Federal Arbitration vs State Rights

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PROS AND CONS OF REAL ESTATE MEDIATION. Mediation is an informal procedure that often results in a mutually satisfactory settlement within a few days if the mediator does a good job and the parties are cooperative. The cost and time involved is usually minimal.

By agreeing to mediation, the parties do not give up any legal rights, but they often come to a win-win result with neither party being 100 percent satisfied nor disappointed.

PROS AND CONS OF REAL ESTATE BINDING ARBITRATION. If both the home buyer and seller agreed in writing to binding arbitration, that means they gave up substantial future legal rights in return for a relatively quick judgment by the arbitrator who hears all the evidence and then renders a binding decision.

The primary rights given up by the parties to an arbitration when signing the arbitration clause include the right to a jury trial, right to court room rules of evidence, and the right to appeal the arbitrator’s decision.

Even if the arbitrator’s decision involves a mistake of fact or the law, it is still binding on the parties. Rare exceptions could occur if a party can prove the arbitrator was bribed or had an undisclosed conflict of interest. But overturning an arbitrator’s decision is virtually impossible.

Before signing a mediation and/or arbitration clause, home buyers and sellers should fully understand the legal consequences. Many real estate attorneys suggest not giving up legal rights at the time of signing a home sales contract. However, if a buyer-seller dispute later arises and it cannot be resolved without litigation, at that time the parties can decide if they want to go to binding arbitration rather than a court trial.
These types of one-sided provisions, such as binding-arbitration clauses, judicial-reference provisions and “jury-trial waivers,” have been discussed at length by our state appellate courts over the last ten years.
Arbitration provisions are often viewed as merely an alternative forum for consumers to resolve disputes. Consumer
advocates, however, argue that a pre-dispute arbitration agreement is also a pre-determined resolution for consumers, and, therefore, a limit to their due process rights.

13 Additionally, litigating in a court of law provides essential access to necessary case law – to support potential legal claims, which is not available in arbitration proceedings.
14 Furthermore, limited grounds exist for appealing an arbitration outcome, leaving consumers with few alternatives
other than accepting the resolution as determined by the arbiter.

15 Unfortunately for consumers, “as employed in the United States, pre-dispute mandatory arbitration is designed to preclude effective redress by consumers and to substantially reduce or eliminate the beneficial effects of favorable judicial precedent and legislation.”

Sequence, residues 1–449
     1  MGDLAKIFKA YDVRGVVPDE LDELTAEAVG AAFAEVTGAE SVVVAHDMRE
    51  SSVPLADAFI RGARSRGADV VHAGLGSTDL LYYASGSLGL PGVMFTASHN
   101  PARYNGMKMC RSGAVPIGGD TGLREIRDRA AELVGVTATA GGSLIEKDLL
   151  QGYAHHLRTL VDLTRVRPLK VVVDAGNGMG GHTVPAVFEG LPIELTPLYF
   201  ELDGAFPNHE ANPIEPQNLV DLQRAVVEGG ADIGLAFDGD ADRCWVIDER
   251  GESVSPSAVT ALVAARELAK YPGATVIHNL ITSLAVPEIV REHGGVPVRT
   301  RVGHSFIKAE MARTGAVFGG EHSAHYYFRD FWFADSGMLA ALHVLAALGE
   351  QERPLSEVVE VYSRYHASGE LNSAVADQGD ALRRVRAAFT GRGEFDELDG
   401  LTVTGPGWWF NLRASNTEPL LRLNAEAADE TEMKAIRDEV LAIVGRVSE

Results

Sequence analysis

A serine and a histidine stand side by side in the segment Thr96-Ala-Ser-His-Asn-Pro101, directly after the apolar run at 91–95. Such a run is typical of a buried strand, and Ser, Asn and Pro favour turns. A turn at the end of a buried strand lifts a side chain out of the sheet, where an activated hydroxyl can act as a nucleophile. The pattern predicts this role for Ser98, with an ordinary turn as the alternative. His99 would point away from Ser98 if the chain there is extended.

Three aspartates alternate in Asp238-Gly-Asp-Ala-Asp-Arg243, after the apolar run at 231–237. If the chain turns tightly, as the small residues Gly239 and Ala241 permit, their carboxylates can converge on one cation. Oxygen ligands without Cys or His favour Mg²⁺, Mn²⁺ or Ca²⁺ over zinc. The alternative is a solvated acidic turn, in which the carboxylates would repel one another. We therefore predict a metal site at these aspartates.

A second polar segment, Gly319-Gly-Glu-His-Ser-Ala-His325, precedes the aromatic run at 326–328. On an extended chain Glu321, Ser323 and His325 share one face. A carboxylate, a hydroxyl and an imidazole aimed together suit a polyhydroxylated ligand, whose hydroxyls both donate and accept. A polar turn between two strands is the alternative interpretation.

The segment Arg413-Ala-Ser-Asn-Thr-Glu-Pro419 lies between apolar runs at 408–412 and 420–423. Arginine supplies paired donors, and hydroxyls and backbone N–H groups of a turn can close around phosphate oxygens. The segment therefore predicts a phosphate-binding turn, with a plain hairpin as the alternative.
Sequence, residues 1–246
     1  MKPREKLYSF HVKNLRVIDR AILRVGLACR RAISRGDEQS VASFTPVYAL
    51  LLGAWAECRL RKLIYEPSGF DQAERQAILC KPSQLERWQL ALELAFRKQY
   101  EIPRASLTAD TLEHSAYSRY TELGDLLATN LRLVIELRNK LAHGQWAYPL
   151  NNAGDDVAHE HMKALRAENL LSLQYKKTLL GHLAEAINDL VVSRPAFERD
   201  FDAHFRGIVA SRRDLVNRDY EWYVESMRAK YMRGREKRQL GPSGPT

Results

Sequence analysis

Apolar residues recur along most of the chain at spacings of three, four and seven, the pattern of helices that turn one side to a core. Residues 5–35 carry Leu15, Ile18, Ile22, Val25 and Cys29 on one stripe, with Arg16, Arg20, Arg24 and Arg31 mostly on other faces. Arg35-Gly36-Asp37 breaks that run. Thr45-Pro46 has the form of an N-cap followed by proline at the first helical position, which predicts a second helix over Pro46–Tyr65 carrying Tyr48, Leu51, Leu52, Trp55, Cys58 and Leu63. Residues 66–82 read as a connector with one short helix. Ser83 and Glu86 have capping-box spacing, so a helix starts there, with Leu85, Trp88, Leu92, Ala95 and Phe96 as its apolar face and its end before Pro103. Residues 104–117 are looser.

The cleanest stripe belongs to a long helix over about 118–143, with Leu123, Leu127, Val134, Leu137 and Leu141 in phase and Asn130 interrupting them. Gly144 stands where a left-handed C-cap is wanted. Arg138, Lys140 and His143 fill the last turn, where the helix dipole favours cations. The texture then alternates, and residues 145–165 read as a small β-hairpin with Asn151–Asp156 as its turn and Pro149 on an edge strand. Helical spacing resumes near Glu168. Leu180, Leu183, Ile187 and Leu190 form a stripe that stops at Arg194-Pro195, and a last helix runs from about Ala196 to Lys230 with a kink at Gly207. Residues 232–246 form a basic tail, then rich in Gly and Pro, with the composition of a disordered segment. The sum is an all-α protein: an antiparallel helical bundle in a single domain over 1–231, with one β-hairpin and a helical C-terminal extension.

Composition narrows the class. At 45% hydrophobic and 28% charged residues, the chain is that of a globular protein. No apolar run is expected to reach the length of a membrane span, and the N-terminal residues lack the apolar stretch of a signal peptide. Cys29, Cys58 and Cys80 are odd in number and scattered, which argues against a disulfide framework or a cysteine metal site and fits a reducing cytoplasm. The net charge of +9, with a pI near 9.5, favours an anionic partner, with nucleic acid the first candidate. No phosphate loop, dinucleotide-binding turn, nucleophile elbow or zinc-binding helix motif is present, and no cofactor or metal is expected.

16 The use of arbitration as an alternative forum may also have the effect of altering the enforcement scheme contemplated by the legislature in enacting consumer protection legislation.
However, the right to bring a lawsuit may be limited by an arbitration provision.
-the Texas Supreme Court held that the Supremacy Clause in the United States Constitution trumped any
applicable State law, such as the Texas Deceptive Trade Practices Act.
Therefore, it is becoming less likely that a jury will have an opportunity to resolve a complaint.
light of the contractual predominance and judicial enforcement of arbitration clauses, the consumer is often left
with few ways to avoid an arbitration clause. Most consumer disputes must now be settled through arbitration.

Presuming a buyer and seller are unable to resolve their after-sale dispute either by a friendly settlement or by mediation, if both parties signed the arbitration clause then the next step is for the home buyer to notify the seller of the dispute and the buyer’s desire for binding arbitration as provided in the sales contract.

At this point, in addition to summarizing their positions on the dispute, the buyer and seller, or more likely their attorneys, will suggest names of local arbitrators. These are often retired judges or active attorneys with expertise in the field. If the parties cannot agree on an arbitrator, then each side suggests an arbitrator and the two arbitrators then select another arbitrator to handle the case.

The chosen arbitrator then arranges a hearing date when the parties will present their evidence. The setting is usually a conference room rather than a formal court room. The arbitrator then hears the evidence and witness testimony as well as asking appropriate questions.

The arbitration is often quite informal. After hearing all the evidence, the arbitrator usually renders a written binding decision, which the prevailing party can then take to the local court for entry or confirmation, just like a regular court judgment.

INTRODUCTION Federal Arbitration Act Preemption
A growing number of lawsuits are doomed without regard to their merits.
...in a practice that is impossible to square with that understanding of FAA preemption, courts have traditionally nullified arbitration clauses to advance a range of state interests, including preserving substantive rights under state law.